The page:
Second, many bike racks on the back of cars clamp onto the crossbar to hold the bicycle in position. Some bike racks can clamp onto other parts of the bike's frame (e.g. the seat post); however, if your bike rack is not this flexible, then this may be a good reason to get a bike with a crossbar.
As an aside, I have no trouble attaching my ebike to my car's bike rack without clamping to the crossbar.
Assuming you do not need a crossbar to mount a water bottle, lock, or small bag – or to stabilist your ebike on a bike rack, then I strongly recommended that you avoid ebikes with a crossbar. While cycling slowly up a hill, bikes are less stable. To dismount quickly, it is safer without a crossbar.
Professional cyclists ride crouched down over the handlebars, watching the road through their eyebrows. This position is aerodynamic, and it improves stability – by keeping the rider's centre of mass low and over the front wheel. As discussed above, the more weight on the front wheel, the more sluggish the steering, which is an advantage at high speed.
Professional cyclists force themselves into this crouched position by having the handlebars lower than the seat. Unfortunately, this position can be uncomfortable on your neck and spine.
A good way to ensure a more comfortable posture is to get a bike with handlebars higher than the seat – or at least as high as the seat. At the opposite end of the spectrum is a frame configuration called a "Dutch bike".
This difference in frame design is obvious when you compare side-by-side a racing bike and a Dutch bike.
Dutch bikes are at the opposite end of the spectrum from racing bikes, and perhaps they also go too far because Dutch bikes are not good for riding on hills. The issue is that, when climbing a hill, you should shift your weight forward to keep your centre of mass over the pedals. Dutch bikes have their handlebars so high that this can be hard to do.
The result is that on a steep hill, pressing down on the pedals can almost push you off the back of the bike rather than putting power into the pedals.
There are two additional criticisms of Dutch bikes. First, they are not very aerodynamic, meaning that headwinds are particularly troublesome. Second, a lot more of your weight is on the seat (instead of the handlebars) and so your seat can get sore.
Seat position is a personal preference, but I prefer a compromise between the two extremes. In hilly terrain, I recommend that the handlebars are at around the same height as the seat (or perhaps a little lower).
Remember however that the seat height is set based on the length of your legs. So the issue here is handlebar height. Most handlebars are adjustable. So, just ensure that the appropriate adjustment is possible on your bike.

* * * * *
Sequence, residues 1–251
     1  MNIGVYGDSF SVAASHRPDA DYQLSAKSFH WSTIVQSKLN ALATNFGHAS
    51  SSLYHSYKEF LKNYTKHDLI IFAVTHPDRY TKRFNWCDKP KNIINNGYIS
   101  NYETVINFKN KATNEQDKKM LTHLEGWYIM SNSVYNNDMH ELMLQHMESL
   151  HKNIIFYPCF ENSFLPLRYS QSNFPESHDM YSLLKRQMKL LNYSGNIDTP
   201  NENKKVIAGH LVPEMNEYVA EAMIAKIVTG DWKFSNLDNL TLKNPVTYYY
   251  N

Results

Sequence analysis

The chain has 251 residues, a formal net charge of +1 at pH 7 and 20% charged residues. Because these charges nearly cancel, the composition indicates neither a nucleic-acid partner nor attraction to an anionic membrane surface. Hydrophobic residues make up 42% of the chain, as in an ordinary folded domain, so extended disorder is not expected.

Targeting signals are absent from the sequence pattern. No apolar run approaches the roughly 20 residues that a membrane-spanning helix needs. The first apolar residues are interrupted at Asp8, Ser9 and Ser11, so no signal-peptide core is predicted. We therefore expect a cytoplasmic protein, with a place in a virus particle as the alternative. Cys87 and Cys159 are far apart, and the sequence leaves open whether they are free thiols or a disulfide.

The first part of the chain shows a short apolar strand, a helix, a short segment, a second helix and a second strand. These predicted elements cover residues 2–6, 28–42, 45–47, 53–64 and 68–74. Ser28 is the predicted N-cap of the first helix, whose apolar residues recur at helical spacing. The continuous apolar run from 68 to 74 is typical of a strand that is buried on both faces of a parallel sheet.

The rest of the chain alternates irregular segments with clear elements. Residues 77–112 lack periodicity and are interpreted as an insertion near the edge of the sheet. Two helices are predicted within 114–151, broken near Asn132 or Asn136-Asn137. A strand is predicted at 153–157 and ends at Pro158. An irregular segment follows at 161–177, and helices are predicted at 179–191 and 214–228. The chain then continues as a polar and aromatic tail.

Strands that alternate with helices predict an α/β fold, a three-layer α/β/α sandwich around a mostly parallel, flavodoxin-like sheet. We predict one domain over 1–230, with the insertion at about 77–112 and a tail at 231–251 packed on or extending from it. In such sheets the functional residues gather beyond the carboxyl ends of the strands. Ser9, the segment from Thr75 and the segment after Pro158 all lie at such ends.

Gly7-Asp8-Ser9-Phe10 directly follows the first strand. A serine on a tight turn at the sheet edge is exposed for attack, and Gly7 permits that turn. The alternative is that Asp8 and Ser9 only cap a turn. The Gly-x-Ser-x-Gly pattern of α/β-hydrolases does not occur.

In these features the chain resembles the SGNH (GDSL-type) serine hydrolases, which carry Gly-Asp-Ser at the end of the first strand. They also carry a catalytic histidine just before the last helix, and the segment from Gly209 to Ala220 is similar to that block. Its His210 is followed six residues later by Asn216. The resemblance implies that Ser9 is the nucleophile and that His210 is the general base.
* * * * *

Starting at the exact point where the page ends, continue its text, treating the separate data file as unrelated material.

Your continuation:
Conclusion: For hilly terrain, you should:
1. Get a step-through frame (with no top tube) as it is the easiest to mount and dismount. Even if you have no issues with flexibility, these are safer.
Before finalising this choice, consider whether you need a top tube to secure your bike onto a bike rack on your car, or need a top tube to attach a water bottle, lock, or bag.
2. Get a bike with high handlebars – specifically handlebars around the same height as the seat after the seat has been adjusted for the length of your legs. Higher than this and you may be sitting back too far to be able to climb hills comfortably. Lower than this and you may get neck strain.
Internal Gear Hub (IGH)
When approaching an uphill at speed, you have to downshift quickly as you lose momentum. Numerous times I have jammed or derailed the chain by shifting gears too fast. This happens because:
external gears require the chain to be moving (i.e. you pedalling) as you shift,
pedalling under load making shifting difficult or even impossible, and
you have to shift through each gear in order. If you try to skip gears, the chain can jam.
The above is a particular problem if you are cycling through a dip. On the initial down hill you will want to get up speed, so that you can coast part way up the subsequent up hill. On the way down you will be in a high gear, but then need to shift quickly into a low gear as the bicycle loses momentum.
There is a technical solution to this conundrum: an internal gear hub (IGH).
An IGH has gears inside the hub of the rear wheel instead of as an external cassette. As a result, shifting does not involve moving the chain from one ring gear to the next. Instead, the chain does not change position at all and all the work is done inside the hub itself.
The first type of IGHs still has gears, they are just internal.
The top of the line in this category is the Rolhoff Speed Hub. It has 3 internal gears that in various combinations give you 14 different “speeds”. Geared IGHs still require you to be pedaling to shift, but you do not need to shift through all the intervening gears to get to the one you want. Once you choose the gear you want, the required combination of internal gears are set all at once, making shifting smooth and quick.
A Rohloff costs about £1,770 extra. You can see this by comparing the Riese & Muller Nevo3 GT Rohloff (with the Rohloff internal gear hub) to the Nevo3 GT touring (without one).
The second type of IGHs do not have gears at all.
Enviolo are by far the dominant manufacturer in this space. They make a continuously variable IGH that allows you to set any “speed” you want with a twist of the wrist. Importantly, continuously variable IGHs can be “shifted” even when you are stopped and not pedalling.
An Enviolo costs about £380 extra. You can see this by comparing the Riese & Muller Nevo3 GT (with the Enviolo internal gear hub) to the Nevo3 GT touring (without one).